Will ‘The Mortal Instruments’ Break Ground for Asian and Asian-American Actors?

About a month ago, I wrote about young adult author Cassandra Clare’s insistence that a character in her The Mortal Instruments series, Magnus Bane, whose Asianness is a major part of his identity be played by an Asian or Asian-American actor. Now that Taiwanese-Canadian model Godfrey Gao’s been cast in the role, actor Edward Zo’s made a video about the significance of the casting (the key parts run from about 1:10 to 7:00):

Of the points he makes, I think two are particularly critical. First, is that young adult fiction is a particularly important place to set standards and expectations. Readers or viewers who grow up invested in romances between gay characters, or who see non-white people as sex symbols, create markets for both broad categories of characters and specific actors. Sometimes, those attachments can be overwhelming, and unfair, as has been the case with Kristen Stewart, when she diverted from the insane expectations fans had placed on her. But if it means getting an Asian actor work, and work on an entirely different set of terms, that could be a powerful force for good.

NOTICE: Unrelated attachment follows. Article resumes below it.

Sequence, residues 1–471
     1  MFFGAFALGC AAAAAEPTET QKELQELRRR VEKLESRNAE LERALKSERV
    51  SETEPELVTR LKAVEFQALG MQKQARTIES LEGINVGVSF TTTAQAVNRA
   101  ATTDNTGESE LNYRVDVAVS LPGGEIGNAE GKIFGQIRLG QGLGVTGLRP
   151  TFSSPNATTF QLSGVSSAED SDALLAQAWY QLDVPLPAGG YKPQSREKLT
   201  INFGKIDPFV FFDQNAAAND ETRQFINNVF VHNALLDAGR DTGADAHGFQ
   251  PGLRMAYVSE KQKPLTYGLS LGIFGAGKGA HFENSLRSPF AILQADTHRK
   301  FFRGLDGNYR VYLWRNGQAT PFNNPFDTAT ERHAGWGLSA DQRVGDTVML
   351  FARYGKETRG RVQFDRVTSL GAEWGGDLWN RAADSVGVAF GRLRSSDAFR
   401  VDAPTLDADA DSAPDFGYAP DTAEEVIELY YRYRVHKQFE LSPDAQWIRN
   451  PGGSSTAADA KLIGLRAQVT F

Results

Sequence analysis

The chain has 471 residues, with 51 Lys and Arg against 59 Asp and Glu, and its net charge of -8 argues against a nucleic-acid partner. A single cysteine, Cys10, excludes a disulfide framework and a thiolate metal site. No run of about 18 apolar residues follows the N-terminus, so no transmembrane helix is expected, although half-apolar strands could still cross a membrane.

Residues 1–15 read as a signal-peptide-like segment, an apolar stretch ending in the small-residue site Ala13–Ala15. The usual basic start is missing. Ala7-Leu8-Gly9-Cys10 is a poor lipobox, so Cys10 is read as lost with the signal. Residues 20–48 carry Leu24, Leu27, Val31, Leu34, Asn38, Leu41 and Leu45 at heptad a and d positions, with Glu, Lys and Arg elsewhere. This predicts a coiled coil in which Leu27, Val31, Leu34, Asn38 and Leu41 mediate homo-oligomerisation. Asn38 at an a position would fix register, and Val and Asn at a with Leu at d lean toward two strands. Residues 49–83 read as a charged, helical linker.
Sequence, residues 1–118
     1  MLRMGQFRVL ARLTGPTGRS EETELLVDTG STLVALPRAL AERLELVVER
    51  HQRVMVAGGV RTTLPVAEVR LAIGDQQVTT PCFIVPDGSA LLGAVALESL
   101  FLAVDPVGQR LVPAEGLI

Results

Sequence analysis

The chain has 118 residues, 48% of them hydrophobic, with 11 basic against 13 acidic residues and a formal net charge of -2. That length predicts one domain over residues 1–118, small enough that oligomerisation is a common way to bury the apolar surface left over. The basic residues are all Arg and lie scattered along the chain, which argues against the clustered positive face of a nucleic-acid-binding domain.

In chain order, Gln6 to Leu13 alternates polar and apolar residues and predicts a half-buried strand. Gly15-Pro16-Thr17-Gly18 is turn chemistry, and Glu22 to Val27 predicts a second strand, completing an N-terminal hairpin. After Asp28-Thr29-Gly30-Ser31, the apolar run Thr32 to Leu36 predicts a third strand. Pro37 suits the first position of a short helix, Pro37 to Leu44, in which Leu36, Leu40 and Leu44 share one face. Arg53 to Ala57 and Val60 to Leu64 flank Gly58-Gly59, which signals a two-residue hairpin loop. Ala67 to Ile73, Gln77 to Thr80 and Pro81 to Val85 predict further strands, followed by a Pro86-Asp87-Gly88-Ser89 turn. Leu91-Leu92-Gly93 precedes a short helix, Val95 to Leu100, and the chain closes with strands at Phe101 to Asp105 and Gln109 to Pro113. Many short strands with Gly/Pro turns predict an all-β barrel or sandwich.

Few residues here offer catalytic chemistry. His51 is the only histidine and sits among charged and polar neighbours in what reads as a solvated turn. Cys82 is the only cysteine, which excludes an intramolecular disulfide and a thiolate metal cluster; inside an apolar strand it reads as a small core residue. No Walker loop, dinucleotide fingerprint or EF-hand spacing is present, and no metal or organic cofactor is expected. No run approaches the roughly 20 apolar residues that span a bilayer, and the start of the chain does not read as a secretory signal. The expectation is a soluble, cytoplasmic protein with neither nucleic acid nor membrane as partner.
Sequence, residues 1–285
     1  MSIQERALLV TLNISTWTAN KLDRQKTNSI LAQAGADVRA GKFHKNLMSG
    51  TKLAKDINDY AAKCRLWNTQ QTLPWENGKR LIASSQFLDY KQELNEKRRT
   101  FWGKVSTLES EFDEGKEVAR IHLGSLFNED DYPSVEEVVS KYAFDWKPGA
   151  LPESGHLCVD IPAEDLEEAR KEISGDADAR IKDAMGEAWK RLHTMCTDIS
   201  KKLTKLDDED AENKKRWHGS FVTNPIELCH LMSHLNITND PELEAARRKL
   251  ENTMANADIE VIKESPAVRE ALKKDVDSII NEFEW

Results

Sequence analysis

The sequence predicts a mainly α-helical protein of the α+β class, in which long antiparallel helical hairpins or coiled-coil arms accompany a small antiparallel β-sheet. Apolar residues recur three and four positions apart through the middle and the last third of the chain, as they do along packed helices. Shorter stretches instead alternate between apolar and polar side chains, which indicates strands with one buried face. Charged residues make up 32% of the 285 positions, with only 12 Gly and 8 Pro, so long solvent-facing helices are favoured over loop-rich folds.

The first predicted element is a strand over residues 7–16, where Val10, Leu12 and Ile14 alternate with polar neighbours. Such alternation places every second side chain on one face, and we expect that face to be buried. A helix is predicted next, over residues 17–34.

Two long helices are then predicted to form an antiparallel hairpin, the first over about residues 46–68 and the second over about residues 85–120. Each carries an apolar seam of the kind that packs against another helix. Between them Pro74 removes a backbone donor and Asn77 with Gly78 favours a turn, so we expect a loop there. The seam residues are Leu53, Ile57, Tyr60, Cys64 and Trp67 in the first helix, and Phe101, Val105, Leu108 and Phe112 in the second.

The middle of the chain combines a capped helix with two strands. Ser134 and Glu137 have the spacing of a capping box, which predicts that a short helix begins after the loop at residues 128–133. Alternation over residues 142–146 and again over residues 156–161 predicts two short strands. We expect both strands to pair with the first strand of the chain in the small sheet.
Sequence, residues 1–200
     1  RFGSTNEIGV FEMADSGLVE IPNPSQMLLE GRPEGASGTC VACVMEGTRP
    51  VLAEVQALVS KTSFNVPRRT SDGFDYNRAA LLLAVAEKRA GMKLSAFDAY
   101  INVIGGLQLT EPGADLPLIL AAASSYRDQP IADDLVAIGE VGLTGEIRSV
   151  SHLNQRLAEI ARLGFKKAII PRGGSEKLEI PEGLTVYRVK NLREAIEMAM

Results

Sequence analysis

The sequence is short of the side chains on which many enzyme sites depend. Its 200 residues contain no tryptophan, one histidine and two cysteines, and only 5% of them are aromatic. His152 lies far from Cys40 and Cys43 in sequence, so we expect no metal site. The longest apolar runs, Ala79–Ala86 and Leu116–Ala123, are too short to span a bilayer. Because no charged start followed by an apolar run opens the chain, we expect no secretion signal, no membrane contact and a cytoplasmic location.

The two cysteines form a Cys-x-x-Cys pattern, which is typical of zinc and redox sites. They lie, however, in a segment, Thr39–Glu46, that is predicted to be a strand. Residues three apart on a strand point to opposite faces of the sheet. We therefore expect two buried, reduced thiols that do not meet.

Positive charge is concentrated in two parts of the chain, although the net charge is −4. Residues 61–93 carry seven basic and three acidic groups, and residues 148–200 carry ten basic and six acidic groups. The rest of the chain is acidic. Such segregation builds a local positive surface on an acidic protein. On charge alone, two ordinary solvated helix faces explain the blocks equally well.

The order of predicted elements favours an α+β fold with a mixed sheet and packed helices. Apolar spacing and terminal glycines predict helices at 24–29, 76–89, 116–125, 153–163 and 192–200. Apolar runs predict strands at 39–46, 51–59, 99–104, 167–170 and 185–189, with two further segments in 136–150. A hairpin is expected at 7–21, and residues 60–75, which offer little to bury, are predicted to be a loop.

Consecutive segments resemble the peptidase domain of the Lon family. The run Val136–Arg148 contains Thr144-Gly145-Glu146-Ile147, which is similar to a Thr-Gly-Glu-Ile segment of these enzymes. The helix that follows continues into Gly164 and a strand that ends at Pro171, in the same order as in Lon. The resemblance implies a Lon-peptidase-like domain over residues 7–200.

And that leads to the other point Zo’s making: that the terms on which Asian men are given work needs to change, given that the hypercompetence they’re often granted can be as much a straightjacket as a display of awesomeness. Rational nerds get stripped of their sexuality. Ninjas get stripped of all of their other personality components. Crouching Tiger Hidden Dragon’s Li Mu Bai was the rare Asian warrior character to reach a mass American audience who also got to love a woman passionately, his repressed desire playing out as a grand, Jane Austen-style tragedy. Asian actors — as do actors and characters of all races — deserve a chance to be more than one thing at once, to be smart as part of their desirability, to be competent in pursuit of deeply-held goals, and to screw up without being pathetic.